vfscanf in newlib
Sat Apr 21 17:11:00 GMT 2001
----- Original Message -----
From: "Christopher Faylor" <firstname.lastname@example.org>
Sent: Sunday, April 22, 2001 9:25 AM
Subject: Re: vfscanf in newlib
> On Sat, Apr 21, 2001 at 01:38:58PM -0400, Charles S. Wilson wrote:
> >Didn't somebody already do a threadsafeness audit of newlib? If so,
> >then we don't want to break threadsafeness with these changes. I'm
> >familiar with threaded code in C; what is neccessary to insure that a
> >given function is both reentrant and threadsafe (if a block of code
> >threadsafe it is automatically reentrant, but a reentrant block is
> >necessarily threadsafe, right?)
Correct. re-entrant code does not uses passed parameters, read-only data
and local-nonstatic variables only. Any exceptions to that list are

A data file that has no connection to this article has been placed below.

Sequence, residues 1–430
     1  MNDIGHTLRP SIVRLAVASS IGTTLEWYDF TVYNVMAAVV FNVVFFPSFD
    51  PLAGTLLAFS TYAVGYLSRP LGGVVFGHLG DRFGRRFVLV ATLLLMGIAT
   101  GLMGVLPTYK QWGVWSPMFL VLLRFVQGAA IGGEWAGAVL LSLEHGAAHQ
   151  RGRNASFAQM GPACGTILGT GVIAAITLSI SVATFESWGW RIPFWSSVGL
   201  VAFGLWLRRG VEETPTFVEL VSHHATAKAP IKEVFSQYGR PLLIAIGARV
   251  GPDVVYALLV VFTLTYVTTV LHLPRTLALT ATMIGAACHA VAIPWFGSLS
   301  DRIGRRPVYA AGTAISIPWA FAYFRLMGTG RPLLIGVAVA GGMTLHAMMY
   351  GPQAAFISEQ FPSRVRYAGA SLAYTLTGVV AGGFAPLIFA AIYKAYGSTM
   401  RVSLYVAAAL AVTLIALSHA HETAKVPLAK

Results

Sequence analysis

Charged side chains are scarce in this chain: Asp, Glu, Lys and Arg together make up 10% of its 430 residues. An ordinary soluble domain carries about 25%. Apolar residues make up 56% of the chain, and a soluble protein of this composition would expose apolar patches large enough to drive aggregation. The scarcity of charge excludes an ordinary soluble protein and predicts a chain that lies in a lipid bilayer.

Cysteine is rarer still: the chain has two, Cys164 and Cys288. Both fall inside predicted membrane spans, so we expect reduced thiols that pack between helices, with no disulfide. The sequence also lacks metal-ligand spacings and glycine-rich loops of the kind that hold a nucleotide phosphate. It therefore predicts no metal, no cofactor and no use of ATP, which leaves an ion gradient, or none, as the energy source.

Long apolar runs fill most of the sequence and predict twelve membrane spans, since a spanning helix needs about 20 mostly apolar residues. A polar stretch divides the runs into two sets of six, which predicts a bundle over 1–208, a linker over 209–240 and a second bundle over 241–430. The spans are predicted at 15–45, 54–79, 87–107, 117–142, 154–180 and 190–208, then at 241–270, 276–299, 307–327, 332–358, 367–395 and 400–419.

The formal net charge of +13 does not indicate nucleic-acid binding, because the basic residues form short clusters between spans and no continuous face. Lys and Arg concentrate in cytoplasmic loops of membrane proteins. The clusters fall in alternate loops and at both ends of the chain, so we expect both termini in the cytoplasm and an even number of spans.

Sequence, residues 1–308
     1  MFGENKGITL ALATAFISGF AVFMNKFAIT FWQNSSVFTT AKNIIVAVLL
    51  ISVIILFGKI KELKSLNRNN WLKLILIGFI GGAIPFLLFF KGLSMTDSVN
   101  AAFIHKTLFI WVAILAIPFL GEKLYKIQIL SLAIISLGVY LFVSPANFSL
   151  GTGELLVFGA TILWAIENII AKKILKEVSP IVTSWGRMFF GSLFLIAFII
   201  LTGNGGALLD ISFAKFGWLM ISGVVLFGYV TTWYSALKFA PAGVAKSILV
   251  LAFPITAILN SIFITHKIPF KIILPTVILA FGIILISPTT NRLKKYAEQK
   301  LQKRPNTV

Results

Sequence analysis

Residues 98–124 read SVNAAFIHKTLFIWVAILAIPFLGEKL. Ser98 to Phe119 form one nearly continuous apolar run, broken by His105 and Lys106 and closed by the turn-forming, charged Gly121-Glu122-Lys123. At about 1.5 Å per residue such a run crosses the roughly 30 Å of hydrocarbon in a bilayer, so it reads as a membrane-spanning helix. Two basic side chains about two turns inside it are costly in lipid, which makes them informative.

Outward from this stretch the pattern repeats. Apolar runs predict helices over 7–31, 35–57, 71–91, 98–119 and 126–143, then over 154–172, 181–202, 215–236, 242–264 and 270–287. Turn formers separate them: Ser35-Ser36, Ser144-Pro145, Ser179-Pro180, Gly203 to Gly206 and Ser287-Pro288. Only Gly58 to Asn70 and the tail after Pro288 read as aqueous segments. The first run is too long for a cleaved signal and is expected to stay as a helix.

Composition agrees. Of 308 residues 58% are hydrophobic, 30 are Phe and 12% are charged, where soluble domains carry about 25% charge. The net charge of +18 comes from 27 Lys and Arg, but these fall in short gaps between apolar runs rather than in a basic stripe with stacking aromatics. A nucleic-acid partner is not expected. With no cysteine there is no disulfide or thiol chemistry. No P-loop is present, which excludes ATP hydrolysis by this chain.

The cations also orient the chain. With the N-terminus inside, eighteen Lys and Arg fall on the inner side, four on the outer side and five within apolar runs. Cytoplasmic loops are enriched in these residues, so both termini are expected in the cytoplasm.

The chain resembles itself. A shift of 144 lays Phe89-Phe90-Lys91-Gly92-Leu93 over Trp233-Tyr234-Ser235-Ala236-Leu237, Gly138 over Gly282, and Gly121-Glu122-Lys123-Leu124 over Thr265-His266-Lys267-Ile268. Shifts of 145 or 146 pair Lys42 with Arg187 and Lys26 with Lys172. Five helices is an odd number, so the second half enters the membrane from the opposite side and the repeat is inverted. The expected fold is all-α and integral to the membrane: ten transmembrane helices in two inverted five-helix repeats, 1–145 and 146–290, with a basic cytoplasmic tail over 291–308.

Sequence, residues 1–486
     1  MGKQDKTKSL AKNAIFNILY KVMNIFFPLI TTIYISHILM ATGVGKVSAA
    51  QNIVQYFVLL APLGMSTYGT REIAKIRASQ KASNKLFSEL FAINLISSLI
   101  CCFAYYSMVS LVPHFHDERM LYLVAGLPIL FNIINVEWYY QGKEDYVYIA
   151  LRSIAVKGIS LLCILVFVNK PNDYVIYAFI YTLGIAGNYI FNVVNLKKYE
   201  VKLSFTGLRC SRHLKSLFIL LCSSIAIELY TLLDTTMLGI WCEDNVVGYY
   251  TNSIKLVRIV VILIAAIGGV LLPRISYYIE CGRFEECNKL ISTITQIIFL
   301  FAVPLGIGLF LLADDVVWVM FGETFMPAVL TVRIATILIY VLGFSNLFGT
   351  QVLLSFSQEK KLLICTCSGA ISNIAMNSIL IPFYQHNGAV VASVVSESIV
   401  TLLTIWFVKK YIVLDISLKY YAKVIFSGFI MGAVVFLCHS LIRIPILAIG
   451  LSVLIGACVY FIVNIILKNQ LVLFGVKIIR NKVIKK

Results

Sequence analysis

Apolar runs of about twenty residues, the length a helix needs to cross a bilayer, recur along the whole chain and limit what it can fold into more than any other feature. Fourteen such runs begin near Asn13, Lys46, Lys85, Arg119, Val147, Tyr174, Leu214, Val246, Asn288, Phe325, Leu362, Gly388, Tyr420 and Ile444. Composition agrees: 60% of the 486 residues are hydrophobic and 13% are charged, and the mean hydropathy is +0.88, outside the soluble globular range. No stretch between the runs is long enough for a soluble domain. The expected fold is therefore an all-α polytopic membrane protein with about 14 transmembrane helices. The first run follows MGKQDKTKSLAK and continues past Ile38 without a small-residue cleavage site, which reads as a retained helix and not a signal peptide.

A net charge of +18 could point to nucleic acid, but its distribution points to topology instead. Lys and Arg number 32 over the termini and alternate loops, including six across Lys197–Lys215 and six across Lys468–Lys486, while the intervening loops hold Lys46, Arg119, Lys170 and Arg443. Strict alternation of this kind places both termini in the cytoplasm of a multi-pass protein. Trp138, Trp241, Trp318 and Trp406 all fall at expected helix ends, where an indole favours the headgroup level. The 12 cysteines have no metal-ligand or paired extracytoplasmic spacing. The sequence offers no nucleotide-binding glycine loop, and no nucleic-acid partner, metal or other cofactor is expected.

protected by mutex's/critical sections and the like. Essentially calling
the same function while another process or thread is paused within it
won't cause problems. Threadsafe adds the requirement that concurrent
processing of the code (say on two threads executing on two processors)
will not cause problems. This generally involves syncronising all access
to non-local variables (in addition to the reentrant requirements).
(Syncronisation can be as simple as using InterLockedExchange when
adding to a list, or as complex as mutex and condition vars with
trylock()s and more.)
> That's right.
> AFAIK, newlib is not guaranteed to be thread safe.
> So, I guess that Cygwin is, by extension, not really thread safe
> I can think of a few functions in cygwin that are not thread safe, in
> fact. The enviroment manipulation is not thread-safe. I don't
> that vfork is thread safe. I'm sure that there are many others.
Well the SUS doesn't require libc to be thread-safe. It only requires
the thread-safe functions (not all of which are named _r) to be
threadsafe. IMO we should only introduce _r versions of functions when t
hey are thread-safe.
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